LOCATION:Residence of Senator Ernie Chambers
DOCKET NO.: 81-1320
DECIDED BY: Burger Court (1981-1986)
LOWER COURT: United States Court of Appeals for the Ninth Circuit
CITATION: 461 US 352 (1983)
ARGUED: Nov 08, 1982
DECIDED: May 02, 1983
A. Wells Petersen – Argued the cause for the appellants
Mark D. Rosenbaum – By invitation of the Court, argued the cause as amicus curiae in support of the judgment below
Facts of the case
Lawson was a law-abiding black man of unusual deportment (he wore his hair in long dreadlocks). Lawson was frequently subjected to police questioning and harassment when he walked in white neighborhoods. Lawson challenged the California law “that requires persons who loiter or wander on the streets to provide a ‘credible and reliable’ identification and to account for their presence when requested by a peace officer.”
Is the California statute unconstitutionally vague?
Media for Kolender v. Lawson
Audio Transcription for Opinion Announcement – May 02, 1983 in Kolender v. Lawson
Warren E. Burger:
The judgment and opinion of the Court in Kolender against Lawson will be announced by Justice O’Connor.
Sandra Day O’Connor:
This case is here on appeal from the Court of Appeals for the Ninth Circuit.
The appeal presents a facial challenge to a criminal statute that requires people who loiter or wander on the streets to provide a credible and reliable identification and to account for their presence when requested by a police officer under circumstances that would justify a lawful investigative stop.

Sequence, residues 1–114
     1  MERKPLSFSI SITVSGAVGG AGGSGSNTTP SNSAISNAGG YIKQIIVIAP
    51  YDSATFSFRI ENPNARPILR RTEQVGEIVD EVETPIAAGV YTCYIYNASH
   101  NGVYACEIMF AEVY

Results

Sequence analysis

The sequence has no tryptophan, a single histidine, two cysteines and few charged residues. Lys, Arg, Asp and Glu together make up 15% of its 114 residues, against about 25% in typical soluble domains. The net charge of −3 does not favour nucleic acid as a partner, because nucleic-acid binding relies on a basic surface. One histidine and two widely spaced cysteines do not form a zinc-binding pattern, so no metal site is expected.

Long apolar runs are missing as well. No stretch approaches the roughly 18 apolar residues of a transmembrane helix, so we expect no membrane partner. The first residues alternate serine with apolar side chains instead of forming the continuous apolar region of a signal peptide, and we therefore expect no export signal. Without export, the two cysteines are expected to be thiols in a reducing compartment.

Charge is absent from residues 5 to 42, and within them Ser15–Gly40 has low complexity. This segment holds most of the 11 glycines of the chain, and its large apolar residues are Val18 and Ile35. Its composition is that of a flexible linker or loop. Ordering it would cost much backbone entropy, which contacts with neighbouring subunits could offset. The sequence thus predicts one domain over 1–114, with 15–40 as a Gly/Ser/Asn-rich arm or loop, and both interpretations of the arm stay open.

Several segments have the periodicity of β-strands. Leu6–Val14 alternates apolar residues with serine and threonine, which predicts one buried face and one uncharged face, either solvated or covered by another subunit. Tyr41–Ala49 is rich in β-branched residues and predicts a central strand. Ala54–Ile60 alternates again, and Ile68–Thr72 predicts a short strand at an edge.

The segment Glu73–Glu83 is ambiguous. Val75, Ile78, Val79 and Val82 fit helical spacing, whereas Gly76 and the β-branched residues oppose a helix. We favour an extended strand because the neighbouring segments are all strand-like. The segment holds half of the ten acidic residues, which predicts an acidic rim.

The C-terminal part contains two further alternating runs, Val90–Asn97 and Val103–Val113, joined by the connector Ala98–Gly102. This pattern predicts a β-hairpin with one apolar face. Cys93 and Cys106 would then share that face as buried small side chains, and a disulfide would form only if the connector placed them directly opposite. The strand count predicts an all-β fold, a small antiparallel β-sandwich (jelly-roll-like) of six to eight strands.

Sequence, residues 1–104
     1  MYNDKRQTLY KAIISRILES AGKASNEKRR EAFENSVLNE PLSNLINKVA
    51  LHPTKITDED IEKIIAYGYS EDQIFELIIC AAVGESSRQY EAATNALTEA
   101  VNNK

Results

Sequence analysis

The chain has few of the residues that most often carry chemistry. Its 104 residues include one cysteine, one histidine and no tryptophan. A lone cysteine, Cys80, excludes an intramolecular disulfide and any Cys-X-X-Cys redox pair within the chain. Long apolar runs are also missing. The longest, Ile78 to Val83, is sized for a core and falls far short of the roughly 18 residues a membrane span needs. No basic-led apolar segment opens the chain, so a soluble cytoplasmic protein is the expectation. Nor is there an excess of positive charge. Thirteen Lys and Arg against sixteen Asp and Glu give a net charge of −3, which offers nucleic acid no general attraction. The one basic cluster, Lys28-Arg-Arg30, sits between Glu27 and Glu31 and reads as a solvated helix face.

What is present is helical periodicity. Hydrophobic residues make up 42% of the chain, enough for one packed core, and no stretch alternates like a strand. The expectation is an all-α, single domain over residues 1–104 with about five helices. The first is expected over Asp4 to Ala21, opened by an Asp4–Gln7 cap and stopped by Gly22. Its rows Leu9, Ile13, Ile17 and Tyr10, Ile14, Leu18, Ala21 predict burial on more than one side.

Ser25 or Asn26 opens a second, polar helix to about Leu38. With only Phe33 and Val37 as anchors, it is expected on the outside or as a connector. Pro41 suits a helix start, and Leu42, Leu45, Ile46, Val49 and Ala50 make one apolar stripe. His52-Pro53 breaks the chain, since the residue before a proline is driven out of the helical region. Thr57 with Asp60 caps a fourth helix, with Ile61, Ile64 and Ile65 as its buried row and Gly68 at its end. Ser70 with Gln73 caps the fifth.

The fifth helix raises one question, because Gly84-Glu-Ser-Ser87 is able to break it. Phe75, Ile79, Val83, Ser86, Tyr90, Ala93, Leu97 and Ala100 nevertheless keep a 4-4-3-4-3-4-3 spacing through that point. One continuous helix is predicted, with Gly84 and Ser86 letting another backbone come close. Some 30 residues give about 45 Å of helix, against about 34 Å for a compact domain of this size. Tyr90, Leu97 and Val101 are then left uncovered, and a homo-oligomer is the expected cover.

The appellee, Lawson was detained by police under that statute on approximately 15 occasions in less than two years.
He brought suit seeking a declaratory judgment that the statute is unconstitutional, an injunction against enforcement of the statute, and compensatory and punitive damages.
The Ninth Circuit Court of Appeals affirmed the decision of the District Court which held that to stop and identify statute was unconstitutional under the Fourteenth Amendment as well as the Fourth Amendment.
We affirm the judgment of the Ninth Circuit on the Fourteenth Amendment ground that the statute is unconstitutionally vague and that it does not provide a clear standard of enforcement.
The statute fails to specify what is contemplated by the requirement that a suspect provide a credible and reliable identification.
The statute vests complete discretion in the police to determine whether the suspect has satisfied the statutory requirements.
Justice Brennan has filed a concurring opinion.
Justice White with whom Justice Rehnquist joins has filed a dissent.
Warren E. Burger:
Thank you Justice O’Connor.